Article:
If you want a partner visa, but you missed the opportunity to apply before 1 July, then you need to deal with the new changes.
Earlier articles about the changes can be found here:
The main considerations are:
- The partner visa process will have an extra stage added (as if it wasn’t hard enough already!), where the Australian partner has to apply for “permission” to sponsor a foreign partner into Australia, and then wait for it to be approved before your partner’s visa application can be lodged.
- No one knows how long this process will take or how strictly they will process the applications.
- Whenever a new system comes into effect (and we have seen many new visa systems since we started helping people with visas in 2002) we have enjoyed:
- fast processing (the new system usually has a dedicated officer who starts on the day the new rules come into effect)….given the “old” system has a back log approaching 18 months, this is a serious advantage to lodging under the new rules.
- Relaxed rules (generally the DIBP want to demonstrate the new system works, and they are still getting used to the new rules and working out how to apply them…this usually leads to more relaxed processing of applications, which is a welcome relief given how cynical and strict the DIBP can be on partner visas.
- As you need to go through the process of first getting the Australian approved as a sponsor, there can be a delay before you can lodge – this is especially important if your current visa is about to expire, as you cannot apply for a partner visa until you have been granted permission to sponsor your foreign partner…so if the decision is not made before your visa expires, you will have to leave Australia and re-enter, or apply off-shore.
- The Australian needs to show they are fit to sponsor – which means any record of bankruptcy, or domestic violence or criminal charges may disqualify you from getting your loved one a partner visa!
- If you have any record which may affect the department’s view of your character (eg a past criminal record (even if it is for drink driving), a domestic violence matter or even a past bankruptcy) then you need a lawyer to help draft the submissions to ensure you get permission to sponsor your loved foreign partner.
Zeke Bentley of The Migration Place is critical of this requirement as it seems incredibly intrusive to interfere with an Australian’s desire to marry and live with his/her chosen partner – even if the partner is a foreigner.
Nonetheless it is an issue that needs to be handled, and it needs to be handled carefully given Australia’s new tough stance on anyone who has committed a crime (no matter how historical) – an article we posted last year goes through how his has impacted permanent residents in Australia who have not converted their PR to citizenship: http://www.themigrationplace.com/2016/06/13/kiwis-deported-australia-children-issues/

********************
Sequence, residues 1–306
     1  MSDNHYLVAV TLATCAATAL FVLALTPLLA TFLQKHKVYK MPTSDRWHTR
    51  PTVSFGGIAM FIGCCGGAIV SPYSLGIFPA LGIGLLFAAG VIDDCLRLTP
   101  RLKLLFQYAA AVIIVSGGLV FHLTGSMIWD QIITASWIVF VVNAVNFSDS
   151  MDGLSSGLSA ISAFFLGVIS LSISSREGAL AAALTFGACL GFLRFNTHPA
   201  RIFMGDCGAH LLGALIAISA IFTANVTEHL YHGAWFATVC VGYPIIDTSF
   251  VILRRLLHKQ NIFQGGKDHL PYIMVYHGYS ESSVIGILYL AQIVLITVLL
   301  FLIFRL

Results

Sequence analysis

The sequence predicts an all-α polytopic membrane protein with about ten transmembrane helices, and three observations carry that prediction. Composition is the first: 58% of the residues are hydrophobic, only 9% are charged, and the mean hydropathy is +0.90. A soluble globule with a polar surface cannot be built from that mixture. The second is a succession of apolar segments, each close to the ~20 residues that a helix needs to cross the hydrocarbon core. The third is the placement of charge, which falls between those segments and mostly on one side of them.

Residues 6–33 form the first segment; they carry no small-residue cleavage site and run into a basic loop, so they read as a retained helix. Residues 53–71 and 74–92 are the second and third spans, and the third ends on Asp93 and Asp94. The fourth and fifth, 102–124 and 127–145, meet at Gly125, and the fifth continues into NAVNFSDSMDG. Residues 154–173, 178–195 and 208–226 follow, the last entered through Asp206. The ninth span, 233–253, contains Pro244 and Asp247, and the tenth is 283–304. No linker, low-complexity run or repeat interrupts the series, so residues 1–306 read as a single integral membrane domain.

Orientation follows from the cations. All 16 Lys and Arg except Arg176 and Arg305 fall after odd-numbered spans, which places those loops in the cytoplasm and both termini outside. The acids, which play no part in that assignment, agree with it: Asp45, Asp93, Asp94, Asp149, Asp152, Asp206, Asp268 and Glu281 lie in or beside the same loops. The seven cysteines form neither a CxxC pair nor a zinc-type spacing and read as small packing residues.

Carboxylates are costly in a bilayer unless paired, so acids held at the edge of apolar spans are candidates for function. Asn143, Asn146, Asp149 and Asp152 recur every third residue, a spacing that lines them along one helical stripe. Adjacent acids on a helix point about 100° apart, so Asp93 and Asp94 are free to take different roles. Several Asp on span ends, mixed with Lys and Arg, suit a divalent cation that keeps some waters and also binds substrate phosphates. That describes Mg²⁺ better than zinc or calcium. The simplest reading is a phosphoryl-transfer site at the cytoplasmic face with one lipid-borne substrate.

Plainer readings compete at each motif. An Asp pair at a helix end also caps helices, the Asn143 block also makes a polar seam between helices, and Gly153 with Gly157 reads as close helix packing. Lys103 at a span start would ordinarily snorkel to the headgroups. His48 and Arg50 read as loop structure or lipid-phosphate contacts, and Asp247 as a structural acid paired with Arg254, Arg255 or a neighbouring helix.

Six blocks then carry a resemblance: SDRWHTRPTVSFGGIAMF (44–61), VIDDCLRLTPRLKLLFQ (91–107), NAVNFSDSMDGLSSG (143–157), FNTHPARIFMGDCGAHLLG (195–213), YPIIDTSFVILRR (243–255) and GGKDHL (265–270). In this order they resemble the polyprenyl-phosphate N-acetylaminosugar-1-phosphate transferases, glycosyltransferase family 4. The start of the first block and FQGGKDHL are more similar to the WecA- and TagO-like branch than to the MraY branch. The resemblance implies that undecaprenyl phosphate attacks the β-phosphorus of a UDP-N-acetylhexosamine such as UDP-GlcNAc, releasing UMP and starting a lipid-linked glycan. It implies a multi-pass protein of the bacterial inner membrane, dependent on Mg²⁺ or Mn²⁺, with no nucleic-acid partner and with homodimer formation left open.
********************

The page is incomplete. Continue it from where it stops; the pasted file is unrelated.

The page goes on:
Over 1000 permanent residents (PR) had their PR Visa cancelled last year – mostly because of old criminal records – so you need to deal with character issues thoroughly and with experienced legal help.
Our lawyers are all experienced in character submissions, we have successfully run matters involving character in the Federal Courts, and we have enjoyed success in a number of extreme cases where other agents thought it would be impossible.
All partners need to get advice ASAP.
Some extra information about partner visas:
- Always use an experienced migration lawyer – the days of being able to apply yourself are well and truly over as evidenced by the fact that the majority of self-represented applications are refused, refusals of partner visas are generally on the rise, and over a quarter of all applications are being refused: http://www.themigrationplace.com/2016/02/24/partner-visa-refusals-rising/
- Many of our partner visa clients come to us after they lodged it themselves, and had it refused, and on examination it is clear that very few self-lodged applications are up to the required standard. You should not make the mistake of assuming the process is simple, nor should you assume that the genuineness of your relationship will get you through.
- The facts:
- Not engaging professional assistance means that applications are often not up to the required standard and are refused.
- A refusal is a nightmare – you lose both the fee (which is now $7000!) and you lose the time it took to process the application (currently about 18 months on official processing times) and you’ll need to start the process all over again (under whatever new rules are in place at that time).
- The rules are getting increasingly strict, and the DIBP (Immigration Department) are ramping up their scrutiny of visa applications.
- The decision to self-lodge is often due to a desire to save money, however it costs a lot more to fix a refusal and (more importantly) any issues with the application will place unnecessary stress and burden on your relationship (and your wallet!).
Contact one of our experienced registered migration lawyers quickly to lodge your partner visa application before your visa expires.
For more information, visit our website: http://www.themigrationplace.com/what-type-of-visa-do-i-need-for-australia/visas-for-couples/